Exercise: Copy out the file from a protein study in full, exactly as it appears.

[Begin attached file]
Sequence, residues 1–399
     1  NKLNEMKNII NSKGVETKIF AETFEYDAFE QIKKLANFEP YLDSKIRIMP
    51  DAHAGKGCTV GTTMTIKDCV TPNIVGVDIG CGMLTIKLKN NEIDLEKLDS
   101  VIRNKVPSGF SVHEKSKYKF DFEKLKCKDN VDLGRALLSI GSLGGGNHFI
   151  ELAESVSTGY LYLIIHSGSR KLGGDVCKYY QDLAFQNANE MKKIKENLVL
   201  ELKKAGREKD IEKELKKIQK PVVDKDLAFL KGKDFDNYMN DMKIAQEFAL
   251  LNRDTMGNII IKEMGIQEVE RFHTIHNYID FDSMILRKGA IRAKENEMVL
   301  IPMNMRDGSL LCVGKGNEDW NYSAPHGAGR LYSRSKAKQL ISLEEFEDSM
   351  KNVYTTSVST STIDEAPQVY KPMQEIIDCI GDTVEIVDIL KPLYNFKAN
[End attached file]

Sequence, residues 1–399
     1  NKLNEMKNII NSKGVETKIF AETFEYDAFE QIKKLANFEP YLDSKIRIMP
    51  DAHAGKGCTV GTTMTIKDCV TPNIVGVDIG CGMLTIKLKN NEIDLEKLDS
   101  VIRNKVPSGF SVHEKSKYKF DFEKLKCKDN VDLGRALLSI GSLGGGNHFI
   151  ELAESVSTGY LYLIIHSGSR KLGGDVCKYY QDLAFQNANE MKKIKENLVL
   201  ELKKAGREKD IEKELKKIQK PVVDKDLAFL KGKDFDNYMN DMKIAQEFAL
   251  LNRDTMGNII IKEMGIQEVE RFHTIHNYID FDSMILRKGA IRAKENEMVL
   301  IPMNMRDGSL LCVGKGNEDW NYSAPHGAGR LYSRSKAKQL ISLEEFEDSM
   351  KNVYTTSVST STIDEAPQVY KPMQEIIDCI GDTVEIVDIL KPLYNFKAN